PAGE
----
Born: Oct 9, 1928 in Helsinki, Finland
Genre: Choral Music, Orchestral Music, Chamber Music
Einojuhani Rautavaara is the best-known composer in contemporary Finnish music. He began to study at the Sibelius Academy in Helsinki in the late1940s, but his professional career didn't begin until 1954 when his orchestral A Requiem in Our Time won a competition sponsored by Thor Johnson, then conductor of the Cincinnati Symphony Orchestra. That same year Rautavaara entered an advanced course in music composition with Aarre Merikanto and attracted the attention of Sibelius himself, who in 1955 recommended that Rautavaara be awarded a Tanglewood scholarship to study at the Julliard School for one year. In the United States Rautavaara studied with Aaron Copland and Roger Sessions, and once back in Europe, he completed his course of study in Switzerland with Wladimir Vogel and in Cologne with Rudolf Petzold.
Rautavaara, paraphrasing a statement usually made in reference to American politics, has said "If an artist is not a modernist when he is young, he has no heart. And if he is a modernist when he is old, he has no brain." Indeed, Rautavaara's style is rooted in modernism, and his earliest works are in a Nordic folk-derived idiom reminiscent of Bartok. Not surprisingly his approach shifted more strongly towards serialism after his experiences in Cologne. The political subject matter and often thorny 12-tone writing in Rautavaara's first opera, Kaivos (The Mine) led the Finnish National Opera to reject the work, but in a revised form Kaivos was aired on national Finnish television in 1963. This helped to establish Rautavaara's reputation in his home country.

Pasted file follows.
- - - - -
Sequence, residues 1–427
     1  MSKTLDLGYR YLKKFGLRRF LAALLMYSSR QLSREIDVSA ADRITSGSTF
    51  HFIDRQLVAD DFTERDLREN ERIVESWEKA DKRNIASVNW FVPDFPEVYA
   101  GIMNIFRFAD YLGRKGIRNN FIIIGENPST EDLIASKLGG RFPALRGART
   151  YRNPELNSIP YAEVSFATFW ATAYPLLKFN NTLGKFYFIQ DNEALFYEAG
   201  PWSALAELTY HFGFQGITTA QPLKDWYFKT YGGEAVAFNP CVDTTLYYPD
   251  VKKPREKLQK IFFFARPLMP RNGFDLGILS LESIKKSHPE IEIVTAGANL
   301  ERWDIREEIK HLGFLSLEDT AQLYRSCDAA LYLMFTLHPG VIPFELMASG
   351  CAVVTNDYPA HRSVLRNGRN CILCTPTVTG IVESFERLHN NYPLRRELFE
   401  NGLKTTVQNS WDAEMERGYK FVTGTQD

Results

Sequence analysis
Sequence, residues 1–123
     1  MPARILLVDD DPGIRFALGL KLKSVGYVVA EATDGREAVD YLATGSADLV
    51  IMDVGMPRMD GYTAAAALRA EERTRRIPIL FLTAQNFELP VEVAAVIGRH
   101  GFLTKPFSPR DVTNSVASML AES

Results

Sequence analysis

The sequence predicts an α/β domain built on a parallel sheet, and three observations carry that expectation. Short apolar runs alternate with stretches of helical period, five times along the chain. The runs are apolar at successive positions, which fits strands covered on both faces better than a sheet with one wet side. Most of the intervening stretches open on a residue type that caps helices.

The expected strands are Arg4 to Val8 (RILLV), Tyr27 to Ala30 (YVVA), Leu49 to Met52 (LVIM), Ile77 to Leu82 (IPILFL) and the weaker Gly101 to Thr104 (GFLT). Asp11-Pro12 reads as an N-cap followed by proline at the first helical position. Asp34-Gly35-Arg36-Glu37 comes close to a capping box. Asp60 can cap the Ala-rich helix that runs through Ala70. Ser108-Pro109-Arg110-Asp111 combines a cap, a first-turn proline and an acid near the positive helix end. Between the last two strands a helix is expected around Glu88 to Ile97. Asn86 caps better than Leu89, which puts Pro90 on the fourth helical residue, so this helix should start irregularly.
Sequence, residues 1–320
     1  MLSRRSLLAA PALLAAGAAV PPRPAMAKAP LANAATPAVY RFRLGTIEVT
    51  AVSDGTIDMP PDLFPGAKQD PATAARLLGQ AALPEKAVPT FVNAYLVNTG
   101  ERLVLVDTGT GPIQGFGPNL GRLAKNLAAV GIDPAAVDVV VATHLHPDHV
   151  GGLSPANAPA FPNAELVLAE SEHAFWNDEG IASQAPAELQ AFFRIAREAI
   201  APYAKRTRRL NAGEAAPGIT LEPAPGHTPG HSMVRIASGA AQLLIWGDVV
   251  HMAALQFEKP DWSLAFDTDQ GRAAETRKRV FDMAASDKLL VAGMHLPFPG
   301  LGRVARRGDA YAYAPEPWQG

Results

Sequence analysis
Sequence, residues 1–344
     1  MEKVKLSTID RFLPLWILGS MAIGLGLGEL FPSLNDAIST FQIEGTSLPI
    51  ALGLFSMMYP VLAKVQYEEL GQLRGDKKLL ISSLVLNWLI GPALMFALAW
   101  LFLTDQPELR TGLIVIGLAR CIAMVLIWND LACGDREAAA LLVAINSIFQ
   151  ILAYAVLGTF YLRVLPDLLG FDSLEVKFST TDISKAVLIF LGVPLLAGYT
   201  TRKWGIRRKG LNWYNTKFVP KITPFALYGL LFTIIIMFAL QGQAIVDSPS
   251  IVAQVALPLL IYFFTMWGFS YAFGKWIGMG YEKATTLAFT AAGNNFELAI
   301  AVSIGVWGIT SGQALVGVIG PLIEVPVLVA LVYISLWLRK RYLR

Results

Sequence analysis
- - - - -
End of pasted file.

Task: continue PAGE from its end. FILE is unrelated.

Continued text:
By 1970 Rautavaara began to lose interest in the rigorous requirements of serialism. With his next major work, the opera Apollo contra Marsyas, Rautavaara opted for a poly-stylistic approach, utilizing jazz and popular music in an ironic juxtaposition against light Viennese classical music. This breakthrough led to the development of Rautavaara's mature style, in which the music is subservient to the demands of his programmatic concepts, whether political, environmental, social or spiritual. While Rautavaara's prestige gained ground in Europe throughout the seventies and eighties, it was his Symphony No. 7 "Angel of Light" (1994) that established his international reputation. This appealing and meditative work came as a surprise to many who felt that contemporary composers had grown hopelessly out of touch with the emotional needs of the public.
Rautavaara is a prolific composer with a career spanning seven decades. So far he has created ten operas, of which Thomas (1982-1985), Vincent (1986-1987) and Aleksis Kivi (1995-1996) are the best known. He has also produced eight symphonies and many concertos including the popular Cantus Arcticus; concerto for birds & orchestra (1972) and the double bass concerto Angel of Dusk (1980). Rautavaara has also written reams of choral, chamber and vocal music and a small amount of electronic music. Through working directly from his emotions and not hewing to party line serialism, Einojuhani Rautavaara has emerged, in the autumn of his life, as one the major figures in contemporary music worldwide.
Finnish, born 1928. Rautavaara studied musicology at Helsinki University before going on to the Sibelius Academy to study composition with Aare Merikanto. His style has embraced both serial and tonal elements, and his vocal writing features strong melodic lines underpinned by triadic harmony with frequent enharmonic twists. A number of his theatrical works draw on the Finnish national epic, the Kalevala, and in this he is linked to Veljo Tormis, who also draws on the same legend and its Estonian counterpart (the Kalevipoeg). Among Rautavaara's more popular works is the "Cantus Arcticus" which mingles orchestra and taped birdsong. Although the Lorca Suite (1973) is, to my ear, typical Rautavaara, I nonetheless find that the Spanish text has liberated the composer's imagination and helped create one of his most distinctive works.